Everyone knows what to do with a puzzle and that puzzles are great, educational toys for little ones.  Figuring out where the pieces fit helps children look at size, shape and color.  It tests their fine motor skills…and maybe their frustration, if the pieces don’t fit well.  How do you make puzzles more interesting and get beyond simply naming the pieces?

For the little ones, simply putting a puzzle together may be too hard.  Try taking the pieces out instead of putting them in!  You can still name the animals or foods or vehicles, but instead of saying “in” you say “out”.  To give the activity more purpose, get any kind of container to put the pieces in.  This way you’re making the puzzle less about getting it right and more about just filling up a basket (kids love fill and dump games). Since you aren’t giving them a complicated motor/cognitive task, this gives you more time to practice words like “pull”, “out, “more”, “my turn” in addition to naming the pictures.  When all the pieces are out, YOU can put them back in so that the game can go on and on and on…

Sometimes the fun of a puzzle is the container in which the pieces are hiding!  IMG_20170831_130523If you have an empty box of wipes or tissues, these can be fun to store pieces in and create a little more anticipation about which pieces your toddler will find!  You might just need to widen the opening to be able to pull out larger puzzles pieces.  Storing the pieces in boxes with lids, plastic bags that zip closed, or containers with slots allows for guessing and asking questions like “Oooo, What’s next?” and “Is it a dog?  nooooo.  It’s a cat.  Yippee!”  Pulling out the puzzles pieces (especially if you re-close it each time) can also be an opportunity for your toddler to ask you to “open” or for help.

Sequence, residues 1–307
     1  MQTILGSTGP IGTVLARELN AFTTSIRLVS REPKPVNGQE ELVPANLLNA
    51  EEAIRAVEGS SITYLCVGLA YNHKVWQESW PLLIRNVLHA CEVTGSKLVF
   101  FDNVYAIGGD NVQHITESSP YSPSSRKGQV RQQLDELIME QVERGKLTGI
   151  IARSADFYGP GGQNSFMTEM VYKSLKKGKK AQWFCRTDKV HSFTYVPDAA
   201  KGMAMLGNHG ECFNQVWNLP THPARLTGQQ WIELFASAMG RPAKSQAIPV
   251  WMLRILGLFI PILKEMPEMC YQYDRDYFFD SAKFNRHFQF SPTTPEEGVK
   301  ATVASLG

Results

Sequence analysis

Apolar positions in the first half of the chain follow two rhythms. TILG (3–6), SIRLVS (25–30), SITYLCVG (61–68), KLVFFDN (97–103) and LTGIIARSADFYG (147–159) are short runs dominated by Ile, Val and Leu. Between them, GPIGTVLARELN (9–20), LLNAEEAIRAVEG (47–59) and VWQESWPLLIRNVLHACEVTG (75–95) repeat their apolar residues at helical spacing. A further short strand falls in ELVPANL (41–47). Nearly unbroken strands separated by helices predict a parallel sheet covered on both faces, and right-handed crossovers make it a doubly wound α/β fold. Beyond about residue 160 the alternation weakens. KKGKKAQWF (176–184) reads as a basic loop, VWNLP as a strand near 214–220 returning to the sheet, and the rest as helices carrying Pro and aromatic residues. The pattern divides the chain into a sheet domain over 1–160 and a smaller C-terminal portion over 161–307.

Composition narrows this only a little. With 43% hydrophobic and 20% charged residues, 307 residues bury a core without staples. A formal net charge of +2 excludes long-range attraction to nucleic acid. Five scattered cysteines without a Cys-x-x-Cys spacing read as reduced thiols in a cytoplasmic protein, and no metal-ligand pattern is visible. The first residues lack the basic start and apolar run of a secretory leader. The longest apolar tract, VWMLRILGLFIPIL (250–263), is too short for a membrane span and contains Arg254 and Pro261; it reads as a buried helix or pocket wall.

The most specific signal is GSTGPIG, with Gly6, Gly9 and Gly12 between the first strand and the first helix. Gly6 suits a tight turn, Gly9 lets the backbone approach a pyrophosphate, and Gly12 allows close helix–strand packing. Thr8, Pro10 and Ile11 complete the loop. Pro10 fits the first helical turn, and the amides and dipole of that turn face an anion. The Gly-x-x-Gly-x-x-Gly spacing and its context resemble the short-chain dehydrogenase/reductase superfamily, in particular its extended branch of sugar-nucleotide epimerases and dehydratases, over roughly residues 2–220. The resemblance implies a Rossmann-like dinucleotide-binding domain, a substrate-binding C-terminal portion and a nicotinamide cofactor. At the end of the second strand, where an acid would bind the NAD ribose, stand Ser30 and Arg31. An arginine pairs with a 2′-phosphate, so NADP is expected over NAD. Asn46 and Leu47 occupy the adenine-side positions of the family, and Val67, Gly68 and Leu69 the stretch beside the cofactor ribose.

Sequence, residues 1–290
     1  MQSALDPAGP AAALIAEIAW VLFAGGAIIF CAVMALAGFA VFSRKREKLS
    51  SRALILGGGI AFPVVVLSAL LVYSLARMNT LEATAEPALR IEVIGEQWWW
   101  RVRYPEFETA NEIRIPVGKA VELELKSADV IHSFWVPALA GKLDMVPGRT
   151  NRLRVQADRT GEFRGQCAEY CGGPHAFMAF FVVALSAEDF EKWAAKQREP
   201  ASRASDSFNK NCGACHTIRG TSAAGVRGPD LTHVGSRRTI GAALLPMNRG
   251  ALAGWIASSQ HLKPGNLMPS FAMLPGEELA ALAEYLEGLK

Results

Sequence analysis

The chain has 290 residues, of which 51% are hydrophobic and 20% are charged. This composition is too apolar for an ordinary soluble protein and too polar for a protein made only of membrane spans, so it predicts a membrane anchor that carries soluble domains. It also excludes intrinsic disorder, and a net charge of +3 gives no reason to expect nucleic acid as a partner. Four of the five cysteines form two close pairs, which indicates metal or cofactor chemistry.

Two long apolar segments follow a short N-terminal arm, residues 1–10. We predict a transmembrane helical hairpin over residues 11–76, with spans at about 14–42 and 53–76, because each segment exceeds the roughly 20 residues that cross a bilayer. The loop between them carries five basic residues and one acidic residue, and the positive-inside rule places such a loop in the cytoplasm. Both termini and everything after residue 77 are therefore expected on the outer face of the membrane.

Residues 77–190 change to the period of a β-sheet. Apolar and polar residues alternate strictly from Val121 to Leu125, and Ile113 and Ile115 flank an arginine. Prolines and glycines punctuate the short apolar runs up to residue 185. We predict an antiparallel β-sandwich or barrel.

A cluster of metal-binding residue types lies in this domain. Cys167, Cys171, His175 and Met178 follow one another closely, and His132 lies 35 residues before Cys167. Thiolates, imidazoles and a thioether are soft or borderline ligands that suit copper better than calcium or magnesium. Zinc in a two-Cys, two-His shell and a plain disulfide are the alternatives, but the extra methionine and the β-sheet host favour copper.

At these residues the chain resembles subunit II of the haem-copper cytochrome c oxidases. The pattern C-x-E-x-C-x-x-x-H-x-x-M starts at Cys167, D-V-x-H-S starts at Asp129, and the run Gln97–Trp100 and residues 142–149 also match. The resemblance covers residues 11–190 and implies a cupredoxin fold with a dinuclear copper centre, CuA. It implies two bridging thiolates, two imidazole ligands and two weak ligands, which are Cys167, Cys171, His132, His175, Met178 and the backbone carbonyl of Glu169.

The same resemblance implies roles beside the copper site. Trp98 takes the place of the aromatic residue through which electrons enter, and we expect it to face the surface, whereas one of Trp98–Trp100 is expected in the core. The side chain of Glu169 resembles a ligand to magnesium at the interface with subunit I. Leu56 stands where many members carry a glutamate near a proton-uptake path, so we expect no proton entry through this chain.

If the puzzle board has the matching picture on it, then you can use it like a scavenger hunt and hide the pieces around the room!  Now the puzzle has just become a movement game.  Bonus points for dimming the lights and getting out a flashlight to search for the pieces.  Call out to each piece as you look for it: “banana, where are you?”  When you find it be sure to GASP!  “Aha! I found the….” (now let your toddler try to fill in the word).  This makes finishing the puzzle a bit more exciting because you’ve found ALL the pieces “hip hip hooray!”

Some of my favorite puzzles are more like boards with doors on them (as pictured above).  Make sure you “knock knock” on the door and ask/sing “who’s in there?” before you open it.  Purposefully put the dog in the garage and the car in the birdcage so that your toddler can tell you “nooooo”.  Better yet, tell the dog to “move” or “get out” or “that’s not your house”.  With these types of puzzles the pieces are magnetic so either play near your refrigerator or get out a cookie sheet so you can stick the pieces on.  Now your toddler has a better opportunity to request them from you (because you put them up too high and out of their reach).

Finally, puzzles with chunky pieces are fun to stand up and knock down “kaboom”, “crash”, “staaaaaand UP”, “walk walk walk…RUN!”  There are lots of ways to get those pieces to their appropriate spot on the puzzle.  Tired of putting them where they go?  Just stand them up in a circle, sing Ring Around the Rosy, and then knock them over when “we all fall DOWN”.

Here are some of great puzzles that work well with all of the ideas above:


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Here are some other play ideas you might like to try:

Playing with…BOOKS!

Playing with… DOORS!

 

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